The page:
In The News
How SA Fashion Week's New Talent Search has lasted 24 years
Fashion in South Africa has enduring talent pipeline challenges. Standardising accredited education and training, creating more entry level opportunities for design graduates and improving access to funding for young, first-time fashion entrepreneurs are all long-standing problems the industry doesn't have scaled, widely accessible solutions for yet. Of all the kick start programs developed to fill the resulting gap, the longest running and most consistently successful has been South African Fashion Week's New Talent Search.
1998 to SS22
For 24 years, the search has put an effectual spotlight on future fashion successes. Previous finalists and winners include David Tlale, the first black designer selected as a finalist, and Black Coffee's Jacques van der Watt. In more recent years, the competition has recognised a talent surge that includes Fikile Sokhulu, Jacques Bam, Michael Ludwig, Sipho Mbuto, recent Woolmark prize honorees Mmuso Maxwell, and last year's winner Artho Eksteen.
Thando Ntuli of MUNKUS joins their ranks as 2022's winner. "It is a complete reflection of her identity combined with a world vision of fashion," SAFW founder Lucilla Booyzen says of Thando and her winning collection Sisendleleni ('We are on our way'). "This was my second application," Ntuli shared on a call. "This year I wasn't sure if I was actually going to do it again... after designing a small collection, I had the confidence."
Named for a term of endearment used by Thando's family, MUNKUS makes age-agnostic fashion inspired by the years Thando spent thrifting through the closets of 4 generations of women in her family. "I almost went into engineering or architecture. My family was like, 'That's not you! We know what you want to do. So don't have doubts in yourself.'" The brand launched in late 2019 after Ntuli's studies at the Northwest School of Design and FEDISA, and a quick 180 degree turn in and then out of the Truworths trainee buyer program.
After SS22 goes into production, Ntuli's next goal is to assemble the right team from production to marketing as a foundation for global success. "It's one thing to know that you are a great designer or you are talented in some sense, and I think a lot of South Africans are also subtle when it comes to how good they are, but I think being told by industry or by someone who's in industry, who is well experienced, that you could actually do well, that your work is amazing... I think that whole experience within the new talent [search] has shown me that the pool is much bigger than just this."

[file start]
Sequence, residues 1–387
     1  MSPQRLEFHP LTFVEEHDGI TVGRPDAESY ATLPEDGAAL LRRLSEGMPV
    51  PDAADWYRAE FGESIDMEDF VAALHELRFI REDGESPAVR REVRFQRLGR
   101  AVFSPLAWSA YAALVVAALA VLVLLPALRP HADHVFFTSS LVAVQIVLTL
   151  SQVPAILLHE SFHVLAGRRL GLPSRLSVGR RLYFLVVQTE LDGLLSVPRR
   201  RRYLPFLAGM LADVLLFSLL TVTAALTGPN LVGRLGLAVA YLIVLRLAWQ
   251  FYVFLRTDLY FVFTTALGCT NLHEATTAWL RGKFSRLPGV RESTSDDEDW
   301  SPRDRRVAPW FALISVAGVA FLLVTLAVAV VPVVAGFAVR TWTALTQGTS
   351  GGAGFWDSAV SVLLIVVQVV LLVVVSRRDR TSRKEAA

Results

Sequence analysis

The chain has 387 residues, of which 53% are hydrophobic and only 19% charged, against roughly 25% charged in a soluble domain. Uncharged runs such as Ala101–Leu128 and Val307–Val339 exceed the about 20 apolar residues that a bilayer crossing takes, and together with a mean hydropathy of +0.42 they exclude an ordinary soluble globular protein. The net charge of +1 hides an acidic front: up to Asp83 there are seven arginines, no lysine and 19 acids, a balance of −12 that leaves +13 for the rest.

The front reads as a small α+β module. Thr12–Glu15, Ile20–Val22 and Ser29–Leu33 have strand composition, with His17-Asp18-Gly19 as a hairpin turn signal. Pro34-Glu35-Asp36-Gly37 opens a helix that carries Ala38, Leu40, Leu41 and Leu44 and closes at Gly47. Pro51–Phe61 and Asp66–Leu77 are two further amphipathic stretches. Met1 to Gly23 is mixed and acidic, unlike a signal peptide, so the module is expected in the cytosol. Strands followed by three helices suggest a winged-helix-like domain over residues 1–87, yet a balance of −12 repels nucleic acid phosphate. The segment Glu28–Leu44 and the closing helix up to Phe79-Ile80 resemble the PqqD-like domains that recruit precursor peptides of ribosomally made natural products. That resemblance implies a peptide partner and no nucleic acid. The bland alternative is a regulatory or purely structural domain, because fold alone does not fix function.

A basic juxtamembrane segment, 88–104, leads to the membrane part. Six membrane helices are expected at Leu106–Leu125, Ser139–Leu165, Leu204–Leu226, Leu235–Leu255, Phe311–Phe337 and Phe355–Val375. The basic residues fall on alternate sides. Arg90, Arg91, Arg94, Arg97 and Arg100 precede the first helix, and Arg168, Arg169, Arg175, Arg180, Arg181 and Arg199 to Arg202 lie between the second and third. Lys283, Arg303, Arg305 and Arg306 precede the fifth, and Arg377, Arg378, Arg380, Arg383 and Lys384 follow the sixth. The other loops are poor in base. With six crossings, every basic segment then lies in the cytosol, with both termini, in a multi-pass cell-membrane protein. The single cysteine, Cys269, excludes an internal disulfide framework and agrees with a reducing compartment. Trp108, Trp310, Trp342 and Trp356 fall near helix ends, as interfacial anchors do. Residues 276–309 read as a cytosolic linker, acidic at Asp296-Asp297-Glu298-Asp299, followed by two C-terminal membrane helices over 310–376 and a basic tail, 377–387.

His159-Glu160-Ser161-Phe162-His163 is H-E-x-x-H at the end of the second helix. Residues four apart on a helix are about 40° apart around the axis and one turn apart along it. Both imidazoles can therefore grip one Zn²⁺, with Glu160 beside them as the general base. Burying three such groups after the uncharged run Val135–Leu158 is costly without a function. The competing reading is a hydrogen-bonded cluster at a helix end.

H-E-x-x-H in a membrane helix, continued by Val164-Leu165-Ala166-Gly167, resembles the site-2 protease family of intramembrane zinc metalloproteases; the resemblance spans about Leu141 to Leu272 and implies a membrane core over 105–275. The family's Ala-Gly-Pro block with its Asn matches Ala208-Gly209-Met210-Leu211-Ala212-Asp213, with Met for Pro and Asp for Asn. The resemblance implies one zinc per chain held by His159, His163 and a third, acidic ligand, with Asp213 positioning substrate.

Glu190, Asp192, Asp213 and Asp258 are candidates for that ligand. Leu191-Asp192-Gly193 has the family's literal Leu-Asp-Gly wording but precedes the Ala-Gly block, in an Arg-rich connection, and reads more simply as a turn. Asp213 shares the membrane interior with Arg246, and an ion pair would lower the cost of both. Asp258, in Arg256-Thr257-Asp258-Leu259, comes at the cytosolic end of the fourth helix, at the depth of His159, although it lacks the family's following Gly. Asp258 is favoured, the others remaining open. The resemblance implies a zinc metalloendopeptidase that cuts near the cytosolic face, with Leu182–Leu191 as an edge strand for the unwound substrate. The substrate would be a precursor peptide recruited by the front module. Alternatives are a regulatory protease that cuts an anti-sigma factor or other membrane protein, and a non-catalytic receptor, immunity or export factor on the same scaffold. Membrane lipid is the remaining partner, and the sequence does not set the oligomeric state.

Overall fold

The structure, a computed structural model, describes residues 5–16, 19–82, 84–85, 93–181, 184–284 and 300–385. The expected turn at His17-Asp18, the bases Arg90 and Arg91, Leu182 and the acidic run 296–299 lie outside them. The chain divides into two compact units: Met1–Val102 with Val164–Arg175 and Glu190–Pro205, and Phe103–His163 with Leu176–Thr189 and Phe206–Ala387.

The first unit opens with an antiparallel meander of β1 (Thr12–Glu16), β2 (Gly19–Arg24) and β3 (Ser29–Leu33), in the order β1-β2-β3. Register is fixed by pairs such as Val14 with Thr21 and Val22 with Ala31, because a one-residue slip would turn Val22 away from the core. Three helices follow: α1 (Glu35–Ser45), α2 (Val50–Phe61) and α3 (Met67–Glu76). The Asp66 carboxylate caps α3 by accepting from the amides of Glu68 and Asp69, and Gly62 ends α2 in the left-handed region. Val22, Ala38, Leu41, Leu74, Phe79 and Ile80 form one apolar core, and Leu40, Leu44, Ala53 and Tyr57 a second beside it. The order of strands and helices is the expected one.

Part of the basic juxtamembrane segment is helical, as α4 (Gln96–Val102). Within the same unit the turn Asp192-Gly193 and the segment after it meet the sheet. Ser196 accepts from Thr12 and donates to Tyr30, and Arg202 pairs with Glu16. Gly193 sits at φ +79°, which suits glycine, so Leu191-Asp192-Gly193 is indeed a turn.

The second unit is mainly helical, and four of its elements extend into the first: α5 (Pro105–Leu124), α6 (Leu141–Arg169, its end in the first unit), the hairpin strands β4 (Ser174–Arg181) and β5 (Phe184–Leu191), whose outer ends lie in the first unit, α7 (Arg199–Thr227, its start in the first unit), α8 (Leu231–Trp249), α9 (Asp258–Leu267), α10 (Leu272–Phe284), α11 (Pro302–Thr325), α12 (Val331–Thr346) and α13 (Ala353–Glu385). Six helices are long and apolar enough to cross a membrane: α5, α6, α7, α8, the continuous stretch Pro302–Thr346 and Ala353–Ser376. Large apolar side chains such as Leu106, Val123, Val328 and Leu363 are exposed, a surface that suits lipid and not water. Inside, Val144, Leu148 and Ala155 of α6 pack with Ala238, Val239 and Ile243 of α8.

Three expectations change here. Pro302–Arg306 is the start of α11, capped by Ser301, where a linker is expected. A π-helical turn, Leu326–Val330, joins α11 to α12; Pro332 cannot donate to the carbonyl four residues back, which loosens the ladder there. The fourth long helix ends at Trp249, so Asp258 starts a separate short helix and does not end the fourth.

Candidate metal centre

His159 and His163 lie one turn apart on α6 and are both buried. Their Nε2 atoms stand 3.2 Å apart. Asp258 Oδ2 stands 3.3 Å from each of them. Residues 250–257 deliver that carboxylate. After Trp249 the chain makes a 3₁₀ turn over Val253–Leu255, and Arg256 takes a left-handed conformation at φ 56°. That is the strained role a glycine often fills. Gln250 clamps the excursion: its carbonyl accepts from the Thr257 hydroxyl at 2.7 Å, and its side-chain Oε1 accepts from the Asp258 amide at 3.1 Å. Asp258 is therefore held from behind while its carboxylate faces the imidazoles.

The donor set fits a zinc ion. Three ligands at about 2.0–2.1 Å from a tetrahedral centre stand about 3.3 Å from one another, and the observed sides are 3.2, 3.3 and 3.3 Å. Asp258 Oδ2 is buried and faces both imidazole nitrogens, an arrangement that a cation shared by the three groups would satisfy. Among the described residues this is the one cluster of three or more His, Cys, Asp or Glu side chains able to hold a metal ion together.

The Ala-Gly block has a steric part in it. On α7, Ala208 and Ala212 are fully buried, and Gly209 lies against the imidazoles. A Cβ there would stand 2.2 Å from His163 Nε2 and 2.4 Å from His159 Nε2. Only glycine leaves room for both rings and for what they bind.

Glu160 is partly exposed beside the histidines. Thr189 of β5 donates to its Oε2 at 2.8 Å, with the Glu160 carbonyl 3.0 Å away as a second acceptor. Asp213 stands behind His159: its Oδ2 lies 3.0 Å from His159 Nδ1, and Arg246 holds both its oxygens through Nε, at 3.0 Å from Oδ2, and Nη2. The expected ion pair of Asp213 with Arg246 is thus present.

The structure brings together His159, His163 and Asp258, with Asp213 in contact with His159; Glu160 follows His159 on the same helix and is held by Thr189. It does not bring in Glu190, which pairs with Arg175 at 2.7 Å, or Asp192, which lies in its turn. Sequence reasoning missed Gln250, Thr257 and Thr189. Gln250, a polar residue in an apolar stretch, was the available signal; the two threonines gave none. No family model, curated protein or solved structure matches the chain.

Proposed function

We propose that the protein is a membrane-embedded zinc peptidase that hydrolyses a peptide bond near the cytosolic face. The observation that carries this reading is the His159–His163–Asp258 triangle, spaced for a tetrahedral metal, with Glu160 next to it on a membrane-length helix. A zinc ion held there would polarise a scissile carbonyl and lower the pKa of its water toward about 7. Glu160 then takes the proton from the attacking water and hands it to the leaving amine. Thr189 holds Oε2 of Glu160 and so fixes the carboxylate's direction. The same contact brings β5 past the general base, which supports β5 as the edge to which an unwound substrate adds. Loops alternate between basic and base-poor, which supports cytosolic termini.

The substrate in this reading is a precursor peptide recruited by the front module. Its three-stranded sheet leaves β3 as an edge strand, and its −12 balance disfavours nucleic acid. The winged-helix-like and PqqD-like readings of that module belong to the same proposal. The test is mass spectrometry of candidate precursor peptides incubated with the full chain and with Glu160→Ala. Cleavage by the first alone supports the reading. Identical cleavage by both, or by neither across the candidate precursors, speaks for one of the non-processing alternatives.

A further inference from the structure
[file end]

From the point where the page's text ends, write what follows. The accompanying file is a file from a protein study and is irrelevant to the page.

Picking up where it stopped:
Booyzen believes the competition's steadfast success rests on knowledgable judges (designer fashion entrepreneurs, high street buyers, media, and retail consultants), a fair and objective process (entries are numbered, not named), and the consistent years of work that have built trust and credibility. A foundational, unmentioned element is SAFW's resolute focus on commercial success, and on everything designers need to prepare for it and sustain it. While these pillars form a strong core, the competition has done more than get the basics right.
New Talent Search judges initially evaluated designers on the quality and originality of their innovation, execution and presentation: "In the design process," says Lucilla, "we've always focused on construction first." Today, they look for more. "Our next step was sustainability. So in 2018 or 2017 we started implementing the sustainability aspect... part of the brief was that it had to be slow fashion. We can't be 100% sustainable of course in the real sense of the term, but we focus on compostable fashion, slow fashion and fashion that can last."
In 2019, the brief shifted again to include textile craft and print. Limited access to fabric beyond local borders and limited variety within them makes distinct, brand-specific fabrication challenging in South Africa. "With this whole sort of collapse of our textile industry in South Africa, I realised that the designers will have to work with base fabric which they can then make their own through printing or putting any craft on it that could actually become the signature."
A Network of Support
The New Talent Search is a competition, not a mentorship programme — designers are given periodical feedback on design, but are mostly left to develop the collection on their own, particularly during the pandemic. SA Fashion Week's supplementary initiatives, however, work to develop and support design talent from other angles: A recent collaboration with Italian cultural institutions and the Nelson Mandela Forum supported an emerging designer exchange program, the menswear scouting competition provides a platform for a fashion category with less support and the student competition offers resources and a spotlight to final-year fashion design students.
The 21 Steps to Retail programme stands out from the rest: Launched in 2016 with support from Edcon, the 3-month course was run in close collaboration with 32 tertiary institutions offering fashion training and education across South Africa to address training gaps related to the local reality of retail trade. It was put on hold after 3 years due to budget concerns, but was successful while it ran: 75% of programme graduates now run their own businesses.
Instead of a blanket offer of support or a showcase platform with exposure as its primary goal, SAFW's successful talent development activities all address key issues with the design of clothing and with the system that produces and sells it. In Booyzen's words, "We address the weakness we find in the system because we are in the system."